Ten years ago tonight, I was sitting in a spokescouncil in a warehouse in downtown Seattle, surrounded by a sea of dreadlocked youth, preparing to rise at dawn and hit the streets the next morning. Was it that night or the next I went with my friends Margo Adair and Bill Aall with whom I was staying, to the late-night grocery store for some emergency vinegar to soak our bandannas in case of tear gas? Some of the memories have faded after ten years—although I won’t soon forget the caustic bite of some sort of intense Japanese wine vinegar that was all we ended up with—and as bad as the tear gas itself, in my opinion. But I recall that I wasn’t too worried. I hadn’t seen the police use tear gas on a political demonstration since the Sixties, and I didn’t really comprehend that they would.
Now I mostly remember snatches of images from the day: setting off in the morning with one of the marches, banners flying, giant puppets hovering above the crowd, drums thundering and feeling a sense of joy and liberation that never deserted me even in the worst times of the next few days. Our Pagan cluster dancing by the Union sound stage most of the day in one corner that stayed fairly quiet and peaceful. Rounding the corner to find smashed windows, burning dumpsters, casualties weeping on the curb from the tear gas—a new kind of war zone. Hearing that we had indeed shut the meeting down! Trying to facilitate a meeting that night with a thousand people at once pumped, traumatized, triumphant and fearlul, with someone running in at intervals to yell, “The cops—they’re coming this way! They’re tear gassing everyone, and they’re five blocks away!” “The cops—they’re coming this way! They’re tear gassing everyone, and they’re five blocks away!” “The cops—they’re coming this way! They’re tear gassing everyone, and they’re thee blocks away!” “The cops—they’re coming this way! They’re tear gassing everyone, and they’re right outside the door!”
The next morning, after the Mayor declared downtown Seattle a closed, protest-free zone, most of us headed down there to defy the order we considered unconstitutional and a violation of our rights. We sat down in the road, got arrested, and went to jail for the next five days. During that time, the talks we had set out to protest fell apart, as delegates from the global South, emboldened by our presence on the streets, walked out.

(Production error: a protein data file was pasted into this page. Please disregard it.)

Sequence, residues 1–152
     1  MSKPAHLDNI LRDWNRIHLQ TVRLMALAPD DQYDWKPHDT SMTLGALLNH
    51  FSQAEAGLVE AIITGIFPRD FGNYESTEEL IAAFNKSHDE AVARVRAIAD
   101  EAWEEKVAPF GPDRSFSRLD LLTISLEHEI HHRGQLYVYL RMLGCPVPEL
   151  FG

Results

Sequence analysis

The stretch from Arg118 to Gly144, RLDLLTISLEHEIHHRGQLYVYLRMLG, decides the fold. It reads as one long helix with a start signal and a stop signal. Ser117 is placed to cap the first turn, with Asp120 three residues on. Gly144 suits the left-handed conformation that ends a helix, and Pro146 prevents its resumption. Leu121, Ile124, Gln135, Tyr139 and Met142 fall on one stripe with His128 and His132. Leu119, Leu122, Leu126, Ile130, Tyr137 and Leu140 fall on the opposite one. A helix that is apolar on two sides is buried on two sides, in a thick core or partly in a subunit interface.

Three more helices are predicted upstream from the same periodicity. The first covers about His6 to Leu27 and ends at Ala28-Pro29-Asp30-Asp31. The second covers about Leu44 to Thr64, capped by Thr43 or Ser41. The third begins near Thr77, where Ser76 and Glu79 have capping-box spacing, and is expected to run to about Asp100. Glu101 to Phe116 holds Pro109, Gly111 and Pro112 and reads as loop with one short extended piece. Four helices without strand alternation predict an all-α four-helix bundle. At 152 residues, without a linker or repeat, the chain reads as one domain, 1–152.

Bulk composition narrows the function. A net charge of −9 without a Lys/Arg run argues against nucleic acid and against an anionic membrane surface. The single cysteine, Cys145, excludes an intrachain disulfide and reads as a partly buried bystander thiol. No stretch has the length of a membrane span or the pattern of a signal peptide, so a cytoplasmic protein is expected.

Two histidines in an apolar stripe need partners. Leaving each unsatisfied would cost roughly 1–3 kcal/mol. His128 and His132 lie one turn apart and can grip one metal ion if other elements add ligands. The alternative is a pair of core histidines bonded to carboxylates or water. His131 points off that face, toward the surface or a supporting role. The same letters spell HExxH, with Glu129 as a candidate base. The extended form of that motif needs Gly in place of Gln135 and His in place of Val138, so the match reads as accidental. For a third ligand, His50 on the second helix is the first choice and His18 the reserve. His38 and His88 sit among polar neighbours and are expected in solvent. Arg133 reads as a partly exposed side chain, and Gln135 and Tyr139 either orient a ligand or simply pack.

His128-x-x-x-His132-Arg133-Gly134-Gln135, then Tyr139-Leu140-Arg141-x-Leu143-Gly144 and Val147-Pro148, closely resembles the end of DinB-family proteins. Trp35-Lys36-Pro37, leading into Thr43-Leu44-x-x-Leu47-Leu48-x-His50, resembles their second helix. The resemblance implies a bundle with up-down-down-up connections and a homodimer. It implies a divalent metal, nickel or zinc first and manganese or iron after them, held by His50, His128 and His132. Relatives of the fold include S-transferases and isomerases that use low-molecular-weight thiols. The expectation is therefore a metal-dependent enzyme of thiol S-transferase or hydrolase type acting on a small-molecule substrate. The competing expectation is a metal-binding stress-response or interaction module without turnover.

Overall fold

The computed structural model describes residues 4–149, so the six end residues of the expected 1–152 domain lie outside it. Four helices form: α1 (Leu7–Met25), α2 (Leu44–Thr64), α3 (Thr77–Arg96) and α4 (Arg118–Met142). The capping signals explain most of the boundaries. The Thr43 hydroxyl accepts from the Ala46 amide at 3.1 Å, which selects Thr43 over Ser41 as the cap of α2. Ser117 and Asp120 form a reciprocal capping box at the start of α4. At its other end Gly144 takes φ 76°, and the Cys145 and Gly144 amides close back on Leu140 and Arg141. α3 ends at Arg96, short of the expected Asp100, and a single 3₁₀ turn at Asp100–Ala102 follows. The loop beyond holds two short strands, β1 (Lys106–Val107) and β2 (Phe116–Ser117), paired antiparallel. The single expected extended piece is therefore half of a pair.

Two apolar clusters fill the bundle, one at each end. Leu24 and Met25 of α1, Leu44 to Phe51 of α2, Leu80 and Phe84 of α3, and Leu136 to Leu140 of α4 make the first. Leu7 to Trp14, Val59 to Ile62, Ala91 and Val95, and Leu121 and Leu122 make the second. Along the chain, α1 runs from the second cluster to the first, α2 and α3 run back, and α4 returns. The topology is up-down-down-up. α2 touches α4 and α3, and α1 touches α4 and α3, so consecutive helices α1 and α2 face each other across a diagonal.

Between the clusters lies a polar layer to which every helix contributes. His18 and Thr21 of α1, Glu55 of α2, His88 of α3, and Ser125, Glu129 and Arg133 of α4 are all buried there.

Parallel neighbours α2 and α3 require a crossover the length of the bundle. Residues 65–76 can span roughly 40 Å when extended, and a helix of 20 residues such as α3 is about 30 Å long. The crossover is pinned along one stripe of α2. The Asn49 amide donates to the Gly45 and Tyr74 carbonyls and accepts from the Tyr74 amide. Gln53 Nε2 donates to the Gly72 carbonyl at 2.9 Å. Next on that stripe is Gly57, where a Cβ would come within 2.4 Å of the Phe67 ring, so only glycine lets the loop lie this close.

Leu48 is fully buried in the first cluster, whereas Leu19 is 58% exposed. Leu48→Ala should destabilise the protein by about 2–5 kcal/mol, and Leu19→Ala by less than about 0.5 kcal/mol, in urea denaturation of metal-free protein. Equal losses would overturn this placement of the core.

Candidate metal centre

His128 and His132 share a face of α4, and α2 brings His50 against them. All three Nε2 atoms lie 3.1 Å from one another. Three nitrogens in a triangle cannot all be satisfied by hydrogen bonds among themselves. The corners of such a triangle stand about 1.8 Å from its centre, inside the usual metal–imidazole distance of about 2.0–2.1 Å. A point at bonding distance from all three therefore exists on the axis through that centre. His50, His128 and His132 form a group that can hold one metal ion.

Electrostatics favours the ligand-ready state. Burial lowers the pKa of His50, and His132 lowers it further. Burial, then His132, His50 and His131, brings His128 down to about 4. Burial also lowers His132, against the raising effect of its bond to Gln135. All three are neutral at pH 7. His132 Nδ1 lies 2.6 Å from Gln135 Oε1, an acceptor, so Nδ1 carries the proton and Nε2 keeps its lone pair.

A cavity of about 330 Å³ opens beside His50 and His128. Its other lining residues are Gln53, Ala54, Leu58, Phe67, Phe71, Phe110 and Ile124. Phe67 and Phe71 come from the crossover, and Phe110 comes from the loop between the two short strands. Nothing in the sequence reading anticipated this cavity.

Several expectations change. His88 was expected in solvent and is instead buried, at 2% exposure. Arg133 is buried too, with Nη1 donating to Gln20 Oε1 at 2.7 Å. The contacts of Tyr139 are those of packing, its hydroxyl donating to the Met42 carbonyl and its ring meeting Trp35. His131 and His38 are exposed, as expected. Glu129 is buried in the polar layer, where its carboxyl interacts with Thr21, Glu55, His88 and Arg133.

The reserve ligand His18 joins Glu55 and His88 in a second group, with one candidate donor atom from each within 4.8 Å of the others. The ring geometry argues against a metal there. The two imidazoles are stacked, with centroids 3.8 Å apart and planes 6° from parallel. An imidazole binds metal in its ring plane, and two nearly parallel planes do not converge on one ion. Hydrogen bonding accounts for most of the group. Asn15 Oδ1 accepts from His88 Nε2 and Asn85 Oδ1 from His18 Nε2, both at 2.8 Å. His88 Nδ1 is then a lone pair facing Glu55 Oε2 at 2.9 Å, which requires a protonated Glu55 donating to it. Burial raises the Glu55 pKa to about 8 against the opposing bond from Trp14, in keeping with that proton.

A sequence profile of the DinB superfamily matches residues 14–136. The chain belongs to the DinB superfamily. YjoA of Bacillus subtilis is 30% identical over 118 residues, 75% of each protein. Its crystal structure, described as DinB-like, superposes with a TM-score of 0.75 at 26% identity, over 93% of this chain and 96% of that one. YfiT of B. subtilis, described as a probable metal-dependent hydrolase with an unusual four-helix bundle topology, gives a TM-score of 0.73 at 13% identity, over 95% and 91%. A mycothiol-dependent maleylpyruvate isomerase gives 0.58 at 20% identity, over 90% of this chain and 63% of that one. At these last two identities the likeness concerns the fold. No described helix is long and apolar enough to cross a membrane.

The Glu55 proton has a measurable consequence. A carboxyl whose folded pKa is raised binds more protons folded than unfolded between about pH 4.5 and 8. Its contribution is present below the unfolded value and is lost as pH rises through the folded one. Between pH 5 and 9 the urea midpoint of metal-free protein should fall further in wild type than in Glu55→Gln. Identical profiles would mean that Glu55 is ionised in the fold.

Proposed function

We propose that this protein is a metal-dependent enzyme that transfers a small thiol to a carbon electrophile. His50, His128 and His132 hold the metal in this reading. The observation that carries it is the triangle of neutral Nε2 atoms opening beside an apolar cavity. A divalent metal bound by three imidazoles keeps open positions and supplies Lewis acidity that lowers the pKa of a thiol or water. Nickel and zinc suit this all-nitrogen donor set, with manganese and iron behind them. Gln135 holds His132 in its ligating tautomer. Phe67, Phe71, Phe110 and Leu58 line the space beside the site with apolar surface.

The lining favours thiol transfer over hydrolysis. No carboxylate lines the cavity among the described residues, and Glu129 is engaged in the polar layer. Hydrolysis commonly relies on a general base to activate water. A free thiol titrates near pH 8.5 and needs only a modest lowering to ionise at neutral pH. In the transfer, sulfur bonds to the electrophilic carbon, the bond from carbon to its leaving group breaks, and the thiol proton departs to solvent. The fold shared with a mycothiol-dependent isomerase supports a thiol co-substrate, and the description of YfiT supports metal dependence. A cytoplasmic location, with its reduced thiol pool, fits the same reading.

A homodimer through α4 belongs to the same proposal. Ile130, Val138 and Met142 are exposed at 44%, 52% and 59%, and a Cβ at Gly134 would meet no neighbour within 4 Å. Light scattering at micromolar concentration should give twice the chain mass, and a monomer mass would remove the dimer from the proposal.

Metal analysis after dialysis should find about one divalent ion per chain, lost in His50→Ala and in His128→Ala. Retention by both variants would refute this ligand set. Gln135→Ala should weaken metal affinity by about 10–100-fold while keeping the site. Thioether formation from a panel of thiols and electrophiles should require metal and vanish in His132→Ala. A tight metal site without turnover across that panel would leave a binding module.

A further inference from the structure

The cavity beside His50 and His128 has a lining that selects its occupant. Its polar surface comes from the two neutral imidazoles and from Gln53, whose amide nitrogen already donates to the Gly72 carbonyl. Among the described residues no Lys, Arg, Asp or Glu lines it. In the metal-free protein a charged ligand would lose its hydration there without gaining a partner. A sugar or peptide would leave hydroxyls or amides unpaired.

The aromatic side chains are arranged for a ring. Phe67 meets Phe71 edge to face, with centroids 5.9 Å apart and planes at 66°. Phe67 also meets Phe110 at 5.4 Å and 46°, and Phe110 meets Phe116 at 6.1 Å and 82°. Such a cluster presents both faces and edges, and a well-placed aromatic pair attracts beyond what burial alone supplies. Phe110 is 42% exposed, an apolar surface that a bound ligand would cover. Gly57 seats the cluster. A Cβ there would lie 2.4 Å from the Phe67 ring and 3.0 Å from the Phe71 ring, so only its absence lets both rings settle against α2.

The blockade in Seattle was probably the single most successful political action I’ve been involved in over more than four decades of activism. It had a catalytic affect on the movement for global justice and it galvanized me into doing more street actions and mobilizations than any sensible middle-aged gardener really ought to do.
But Seattles—like those blinding moments in a love affair when the whole world stops, like those perfect poems that write themselves, like the song so catchy and beautiful it becomes a world wide hit, like the glowing day in the forest when you find the giant chantrelle, like any amazing, ecstatic, lucky peak experience, happen rarely. They’re the Black Swans, the unusual occurrence, the outlier. The daily grind of political activism is showing up, over and over again, with the same hundred people you’ve seen before. Getting yourself up off the couch where you’d much rather be, to march around feeling slightly foolish and chanting the same things you’ve been chanting since 1966. “Peace Now!” “Stop the Bombing!” “End the Occupation!” The effects, if any, of your actions are so far away and far removed that any sense of accomplishment or achievement is rare and abstract, and the chances of getting whacked, clubbed, trodden upon, hoarse from screaming, tear gassed, pepper sprayed, stun gunned, tasered, arrested, interrogated, deported, or facing other unpleasantness rise daily. The personal motto that carries me through these things is Garrison Keilor’s observation, that “things that are horrible for most people are good for writers.” And the sure knowledge that every freedom we cherish, every great change, every liberation of a slave or shift in conciousness or small increase in justice was won in just this way—in the streets by people who mostly felt at the time that they were losing.
We’ve got to do it. All those email petitions on the internet, all those phone calls are fine—but there’s no substitute for human beings putting our bodies in the way the operations of injustice and pounding on the gates of the exploiters and raising our living voices in outrage at stupidity and greed.
So tomorrow, on November 30, I’ll be joining my friends in the streets again, participating in another Global Day of Action around Climate Change, this one called by the Climate Pledge of Resistance folks at beyondtalk.net. I urge you to check them out, sign the pledge, and look for an action near you.
Why? Because climate change is galloping along faster than even grim scientists feared, and idiots and profiteers are preventing us from doing what we know we need to do to rein it in. And if we expect our politicians to do anything meaningful about it, at home or in Copenhagen next week, they need to be buoyed up on a rising tide of public clamor. That’s us, folks.
So I’m getting offline now and getting a good night’s sleep. I’m ten years older now—I’m not shopping for vinegar at two AM. For one thing, I’ve learned that lemon juice works just as well—which is to say, not very well at all—and smells better. But I’m not anticipating tear gas in the streets tomorrow—just a few hundreds or thousands of good friends who care enough about the world to keep on marching. And we will keep on marching—as long as it takes. Come join us!
Climate Pledge of Resistance